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Nvidia Says Its New Supercomputer Officially ‘Closes the Digital Divide’

CEO Jensen Huang revealed Nvidia’s new supercomputer called DGX GH200 at Computex in Taiwan yesterday.

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As big tech companies like Amazon forbid employees from entering code into ChatGPT, other big tech companies are more optimistic. Nvidia’s CEO Jensen Huang claims that anyone can code now with artificial intelligence, and that a new era of technological literacy is upon us.

Huang gave a keynote speech at Computex in Taiwan on Monday, revealing Nvidia’s new supercomputer called DGX GH200 that the company hopes to use to build generative AI, as reported by CNBC. Nvidia’s new foray into an AI-building computer is not completely out-of-left field, as the hardware giant is likely looking to cash in on the artificial intelligence hype, but Huang is betting big on the future of the tech. The CEO reportedly told the crowd that this new era of AI will allow anyone to be a programmer.


“This computer doesn’t care how you program it, it will try to understand what you mean, because it has this incredible large language model capability. And so the programming barrier is incredibly low,” Huang reportedly said at the keynote, as quoted by CNBC. “We have closed the digital divide. Everyone is a programmer. Now, you just have to say something to the computer.”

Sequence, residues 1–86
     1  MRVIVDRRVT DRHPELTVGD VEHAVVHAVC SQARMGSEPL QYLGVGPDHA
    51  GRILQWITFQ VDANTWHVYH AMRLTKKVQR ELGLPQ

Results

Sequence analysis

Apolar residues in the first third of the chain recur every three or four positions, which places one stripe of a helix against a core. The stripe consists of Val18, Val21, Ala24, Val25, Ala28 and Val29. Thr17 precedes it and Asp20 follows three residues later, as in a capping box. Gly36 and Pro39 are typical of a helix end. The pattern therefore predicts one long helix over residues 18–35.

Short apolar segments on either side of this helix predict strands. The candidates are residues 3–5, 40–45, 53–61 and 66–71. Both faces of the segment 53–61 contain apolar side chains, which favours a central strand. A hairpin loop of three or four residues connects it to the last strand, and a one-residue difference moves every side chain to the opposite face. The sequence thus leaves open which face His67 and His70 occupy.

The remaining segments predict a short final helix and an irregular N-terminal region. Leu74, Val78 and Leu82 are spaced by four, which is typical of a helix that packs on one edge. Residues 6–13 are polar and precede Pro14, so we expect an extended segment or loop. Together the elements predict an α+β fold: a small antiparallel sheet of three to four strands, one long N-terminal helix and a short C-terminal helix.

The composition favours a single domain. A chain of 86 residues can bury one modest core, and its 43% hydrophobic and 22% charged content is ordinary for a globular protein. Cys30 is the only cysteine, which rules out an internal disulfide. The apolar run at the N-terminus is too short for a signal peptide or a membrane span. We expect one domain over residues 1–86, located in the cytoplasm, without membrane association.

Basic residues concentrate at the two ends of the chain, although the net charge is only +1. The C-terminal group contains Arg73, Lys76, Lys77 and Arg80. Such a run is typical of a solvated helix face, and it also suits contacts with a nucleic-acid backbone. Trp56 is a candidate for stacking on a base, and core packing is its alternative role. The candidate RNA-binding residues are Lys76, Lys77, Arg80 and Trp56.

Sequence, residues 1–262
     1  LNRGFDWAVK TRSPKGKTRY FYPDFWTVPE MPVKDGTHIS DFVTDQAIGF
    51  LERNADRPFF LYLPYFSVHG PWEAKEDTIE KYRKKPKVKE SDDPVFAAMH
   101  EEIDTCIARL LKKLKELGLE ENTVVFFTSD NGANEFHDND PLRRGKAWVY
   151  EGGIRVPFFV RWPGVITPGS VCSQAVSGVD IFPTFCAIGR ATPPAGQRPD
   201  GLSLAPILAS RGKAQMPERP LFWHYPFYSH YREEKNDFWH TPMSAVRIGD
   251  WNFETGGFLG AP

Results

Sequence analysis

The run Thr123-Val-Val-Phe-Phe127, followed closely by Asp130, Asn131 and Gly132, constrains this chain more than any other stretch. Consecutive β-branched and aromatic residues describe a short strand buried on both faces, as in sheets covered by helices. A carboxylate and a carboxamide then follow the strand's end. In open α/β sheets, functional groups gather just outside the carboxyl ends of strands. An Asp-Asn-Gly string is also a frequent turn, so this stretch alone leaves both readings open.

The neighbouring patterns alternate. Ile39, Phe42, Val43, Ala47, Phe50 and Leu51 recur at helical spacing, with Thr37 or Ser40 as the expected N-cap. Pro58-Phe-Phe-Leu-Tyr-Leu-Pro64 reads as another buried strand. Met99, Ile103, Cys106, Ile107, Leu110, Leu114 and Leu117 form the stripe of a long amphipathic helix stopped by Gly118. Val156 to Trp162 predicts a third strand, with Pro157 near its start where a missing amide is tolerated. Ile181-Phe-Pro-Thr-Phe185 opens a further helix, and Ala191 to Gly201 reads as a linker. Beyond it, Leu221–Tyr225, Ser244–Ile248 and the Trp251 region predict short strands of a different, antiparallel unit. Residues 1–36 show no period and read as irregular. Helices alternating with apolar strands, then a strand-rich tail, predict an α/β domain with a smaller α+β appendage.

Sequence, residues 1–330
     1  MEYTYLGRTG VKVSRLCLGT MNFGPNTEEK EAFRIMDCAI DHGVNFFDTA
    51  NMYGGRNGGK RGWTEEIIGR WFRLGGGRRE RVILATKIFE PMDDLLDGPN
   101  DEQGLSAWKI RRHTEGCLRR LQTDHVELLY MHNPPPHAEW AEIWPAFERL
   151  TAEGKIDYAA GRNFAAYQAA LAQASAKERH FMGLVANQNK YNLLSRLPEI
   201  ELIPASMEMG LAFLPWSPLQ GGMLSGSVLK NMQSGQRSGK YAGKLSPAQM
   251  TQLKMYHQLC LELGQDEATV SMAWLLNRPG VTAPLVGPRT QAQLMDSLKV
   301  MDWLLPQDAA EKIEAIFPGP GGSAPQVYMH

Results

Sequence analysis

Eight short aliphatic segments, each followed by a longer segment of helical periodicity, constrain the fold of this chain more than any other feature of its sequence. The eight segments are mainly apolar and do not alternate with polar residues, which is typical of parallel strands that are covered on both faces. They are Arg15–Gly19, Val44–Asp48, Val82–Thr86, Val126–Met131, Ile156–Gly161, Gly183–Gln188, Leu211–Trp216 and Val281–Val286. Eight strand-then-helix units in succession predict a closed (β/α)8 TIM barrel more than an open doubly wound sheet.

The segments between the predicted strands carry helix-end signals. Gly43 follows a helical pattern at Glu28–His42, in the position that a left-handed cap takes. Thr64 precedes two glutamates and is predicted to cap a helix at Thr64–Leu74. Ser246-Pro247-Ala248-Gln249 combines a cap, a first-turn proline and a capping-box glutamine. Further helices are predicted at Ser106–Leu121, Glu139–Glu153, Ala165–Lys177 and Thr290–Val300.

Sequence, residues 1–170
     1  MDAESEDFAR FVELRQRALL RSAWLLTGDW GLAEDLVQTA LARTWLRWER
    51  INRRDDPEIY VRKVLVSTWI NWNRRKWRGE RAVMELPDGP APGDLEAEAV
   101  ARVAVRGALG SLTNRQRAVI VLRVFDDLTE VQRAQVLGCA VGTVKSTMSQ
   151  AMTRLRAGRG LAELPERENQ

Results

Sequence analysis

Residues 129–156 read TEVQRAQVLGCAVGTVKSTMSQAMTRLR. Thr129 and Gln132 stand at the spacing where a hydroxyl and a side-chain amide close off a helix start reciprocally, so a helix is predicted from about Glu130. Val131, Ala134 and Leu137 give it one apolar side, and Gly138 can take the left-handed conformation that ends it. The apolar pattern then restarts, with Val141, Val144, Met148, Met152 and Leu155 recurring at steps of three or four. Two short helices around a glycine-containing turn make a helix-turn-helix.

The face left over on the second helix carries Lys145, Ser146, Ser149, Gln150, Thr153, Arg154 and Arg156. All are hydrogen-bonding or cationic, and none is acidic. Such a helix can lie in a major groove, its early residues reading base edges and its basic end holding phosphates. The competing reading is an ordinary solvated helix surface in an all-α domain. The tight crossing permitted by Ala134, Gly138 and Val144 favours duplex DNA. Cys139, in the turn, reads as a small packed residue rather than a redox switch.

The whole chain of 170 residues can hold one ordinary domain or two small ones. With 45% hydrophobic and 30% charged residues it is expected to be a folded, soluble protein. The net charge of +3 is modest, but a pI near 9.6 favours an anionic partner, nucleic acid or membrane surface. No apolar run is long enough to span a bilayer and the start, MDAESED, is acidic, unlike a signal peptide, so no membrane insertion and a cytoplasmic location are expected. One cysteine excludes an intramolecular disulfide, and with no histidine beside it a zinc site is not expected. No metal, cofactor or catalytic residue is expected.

But artificial intelligence can’t make everyone a programmer, much the same way spellcheck can’t make everyone a writer. Coding requires more than just a functional knowledge of where semicolons and for-loops go in a program, it requires extensive problem solving skills and the ability to think robustly about systems. While artificial intelligence could certainly help someone debug code or brainstorm an approach to an algorithm, it’s far from making everyone a programmer—at least for now. 


Despite the leaps and bounds of AI tech, there are still those who will likely use it for worse. Earlier this year, a report from CyberArk found that OpenAI’s ChatGPT was really good at writing malware. The code had “advanced capabilities” that could “easily evade security products,” and further analysis of the code revealed that it had some shapeshifting properties that let it avoid traditional security measures. 

Want to know more about AI, chatbots, and the future of machine learning? Check out our full coverage of artificial intelligence, or browse our guides to The Best Free AI Art Generators, The Best ChatGPT Alternatives, and Everything We Know About OpenAI’s ChatGPT.